rom my act.

The Harkonnen guard released his arm, said "Wait over there out of the way."

Abruptly, Yueh saw himself as cast away in this place of destruction, spared nothing, given not the smallest pity. Idaho must not fail!

Another guard bumped into him, barked: "Stay out of the way, you!"

Even when they've profited by me they despise me. Yueh thought. He straightened himself as he was pushed aside, regained some of his dignity.

"Wait for the Baron!" a guard officer snarled.

Yueh nodded, walked with controlled casualness along the front of the house, turned the corner into shadows out of sight of the burning palms. Quickly, every step betraying his anxiety, Yueh made for the rear yard beneath the conservatory where the 'thopter waited--the craft they had placed there to carry away Paul and his mother.

A guard stood at the open rear door of the house, his attention focused on the lighted hall and men banging through there, searching from room to room.

How confident they were!

Yueh hugged the shadows, worked his way around the 'thopter, eased open the door on the side away from the guard. He felt under the front seats for the Fremkit he had hidden there, lifted a flap and slipped in the ducal signet. He felt the crinkling of the spice paper there, the note he had written, pressed the ring into the paper. He removed his hand, resealed the pack.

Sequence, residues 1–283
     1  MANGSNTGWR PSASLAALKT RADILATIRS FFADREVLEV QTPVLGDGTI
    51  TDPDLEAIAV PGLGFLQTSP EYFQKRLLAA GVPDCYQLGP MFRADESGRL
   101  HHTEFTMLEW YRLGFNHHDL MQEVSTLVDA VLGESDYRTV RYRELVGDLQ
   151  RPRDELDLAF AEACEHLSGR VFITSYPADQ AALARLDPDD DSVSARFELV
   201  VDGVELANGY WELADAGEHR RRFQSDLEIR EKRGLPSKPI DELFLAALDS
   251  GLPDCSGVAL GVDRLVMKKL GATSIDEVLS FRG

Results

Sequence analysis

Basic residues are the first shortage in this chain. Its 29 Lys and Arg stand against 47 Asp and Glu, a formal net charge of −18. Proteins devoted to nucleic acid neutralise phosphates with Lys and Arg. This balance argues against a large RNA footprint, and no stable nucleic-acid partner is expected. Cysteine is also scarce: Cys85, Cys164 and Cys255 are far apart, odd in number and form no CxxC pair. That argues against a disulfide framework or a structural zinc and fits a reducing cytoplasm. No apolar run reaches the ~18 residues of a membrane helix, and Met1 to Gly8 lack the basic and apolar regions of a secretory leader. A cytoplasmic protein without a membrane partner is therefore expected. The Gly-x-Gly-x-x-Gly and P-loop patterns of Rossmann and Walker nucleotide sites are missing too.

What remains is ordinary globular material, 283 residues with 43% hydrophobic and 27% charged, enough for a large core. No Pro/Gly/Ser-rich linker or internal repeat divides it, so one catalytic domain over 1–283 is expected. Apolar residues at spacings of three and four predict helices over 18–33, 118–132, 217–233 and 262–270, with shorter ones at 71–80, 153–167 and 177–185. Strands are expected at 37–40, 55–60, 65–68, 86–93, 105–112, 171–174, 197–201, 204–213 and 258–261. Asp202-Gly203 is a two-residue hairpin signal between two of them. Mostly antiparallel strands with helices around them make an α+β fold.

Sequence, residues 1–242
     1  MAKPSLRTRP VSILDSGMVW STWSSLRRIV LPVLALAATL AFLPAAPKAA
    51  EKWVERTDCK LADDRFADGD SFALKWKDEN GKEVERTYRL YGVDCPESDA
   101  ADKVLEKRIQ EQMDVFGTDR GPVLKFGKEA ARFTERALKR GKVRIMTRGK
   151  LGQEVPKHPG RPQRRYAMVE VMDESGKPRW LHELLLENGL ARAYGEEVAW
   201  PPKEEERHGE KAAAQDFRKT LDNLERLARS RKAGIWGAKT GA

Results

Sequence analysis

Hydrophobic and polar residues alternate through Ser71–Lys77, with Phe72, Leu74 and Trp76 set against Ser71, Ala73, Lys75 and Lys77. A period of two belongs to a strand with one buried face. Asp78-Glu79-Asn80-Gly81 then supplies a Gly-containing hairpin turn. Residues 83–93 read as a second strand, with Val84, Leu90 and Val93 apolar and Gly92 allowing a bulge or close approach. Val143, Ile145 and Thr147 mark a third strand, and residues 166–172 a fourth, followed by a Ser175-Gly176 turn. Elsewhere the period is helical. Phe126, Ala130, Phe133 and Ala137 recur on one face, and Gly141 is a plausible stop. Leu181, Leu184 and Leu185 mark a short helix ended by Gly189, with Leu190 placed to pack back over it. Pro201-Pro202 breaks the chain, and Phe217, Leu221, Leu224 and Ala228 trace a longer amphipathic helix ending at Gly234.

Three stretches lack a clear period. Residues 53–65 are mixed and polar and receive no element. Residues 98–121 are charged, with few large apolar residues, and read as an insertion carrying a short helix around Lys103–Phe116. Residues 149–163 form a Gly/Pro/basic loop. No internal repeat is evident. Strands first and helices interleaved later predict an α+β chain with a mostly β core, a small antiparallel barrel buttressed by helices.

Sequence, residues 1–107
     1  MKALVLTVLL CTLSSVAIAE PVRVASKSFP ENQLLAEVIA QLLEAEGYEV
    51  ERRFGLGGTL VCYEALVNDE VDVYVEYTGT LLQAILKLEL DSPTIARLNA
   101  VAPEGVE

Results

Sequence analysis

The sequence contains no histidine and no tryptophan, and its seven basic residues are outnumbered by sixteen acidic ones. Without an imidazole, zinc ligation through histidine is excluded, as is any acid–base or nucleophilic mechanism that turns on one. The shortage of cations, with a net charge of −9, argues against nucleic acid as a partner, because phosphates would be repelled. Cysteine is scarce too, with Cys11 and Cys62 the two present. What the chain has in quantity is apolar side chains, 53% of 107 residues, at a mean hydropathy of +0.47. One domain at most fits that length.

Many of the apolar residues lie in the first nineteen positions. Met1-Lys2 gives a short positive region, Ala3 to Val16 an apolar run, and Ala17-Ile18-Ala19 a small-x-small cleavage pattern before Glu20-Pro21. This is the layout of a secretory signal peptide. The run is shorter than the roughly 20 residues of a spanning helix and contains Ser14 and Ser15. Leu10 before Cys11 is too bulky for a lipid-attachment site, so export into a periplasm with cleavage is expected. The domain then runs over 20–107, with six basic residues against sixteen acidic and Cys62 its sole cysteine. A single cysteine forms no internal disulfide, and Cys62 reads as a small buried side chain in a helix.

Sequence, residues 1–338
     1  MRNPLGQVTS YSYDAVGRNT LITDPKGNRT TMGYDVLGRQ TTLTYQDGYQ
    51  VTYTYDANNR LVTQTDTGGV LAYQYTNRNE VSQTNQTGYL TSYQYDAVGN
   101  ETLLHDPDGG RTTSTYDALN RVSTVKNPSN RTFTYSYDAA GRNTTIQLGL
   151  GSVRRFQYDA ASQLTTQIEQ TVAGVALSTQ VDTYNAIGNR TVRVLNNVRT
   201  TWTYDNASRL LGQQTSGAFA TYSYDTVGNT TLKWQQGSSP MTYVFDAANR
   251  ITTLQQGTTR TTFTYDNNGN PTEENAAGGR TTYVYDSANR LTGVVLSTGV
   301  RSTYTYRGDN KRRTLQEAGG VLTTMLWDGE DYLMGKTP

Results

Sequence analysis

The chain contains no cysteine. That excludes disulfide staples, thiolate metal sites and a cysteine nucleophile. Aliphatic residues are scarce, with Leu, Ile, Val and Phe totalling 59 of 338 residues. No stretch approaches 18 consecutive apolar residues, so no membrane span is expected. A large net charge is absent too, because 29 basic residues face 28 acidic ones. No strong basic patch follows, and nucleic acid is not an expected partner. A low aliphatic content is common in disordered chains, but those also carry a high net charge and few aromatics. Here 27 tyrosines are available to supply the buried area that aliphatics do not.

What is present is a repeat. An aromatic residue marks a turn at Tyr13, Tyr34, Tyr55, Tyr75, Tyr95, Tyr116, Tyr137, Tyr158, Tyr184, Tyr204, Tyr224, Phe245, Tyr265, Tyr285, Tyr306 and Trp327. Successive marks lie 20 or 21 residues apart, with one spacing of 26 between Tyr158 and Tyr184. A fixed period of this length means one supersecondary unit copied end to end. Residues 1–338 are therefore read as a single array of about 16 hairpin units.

Softly, Yueh closed the 'thopter door, worked his way back to the corner of the house and around toward the flaming trees.

Now, it is done, he thought.

Once more, he emerged into the light of the blazing palms. He pulled his cloak around him, stared at the flames. Soon I will know. Soon I will see the Baron and I will know. And the Baron--he will encounter a small tooth.

There is a legend that the instant the Duke Leto Atreides died a meteor streaked across the skies above his ancestral palace on Caladan.

--the Princess Irulan: "Introduction to a Child's History of Muad'Dib"

THE BARON Vladimir Harkonnen stood at a viewport of the grounded lighter he was using as a command post. Out the port he saw the flame-lighted night of Arrakeen. His attention focused on the distant Shield Wall where his secret weapon was doing its work.

Explosive artillery.

The guns nibbled at the caves where the Duke's fighting men had retreated for a last-ditch stand. Slowly measured bites of orange glare, showers of rock and dust in the brief illumination--and the Duke's men were being sealed off to die by starvation, caught like animals in their burrows.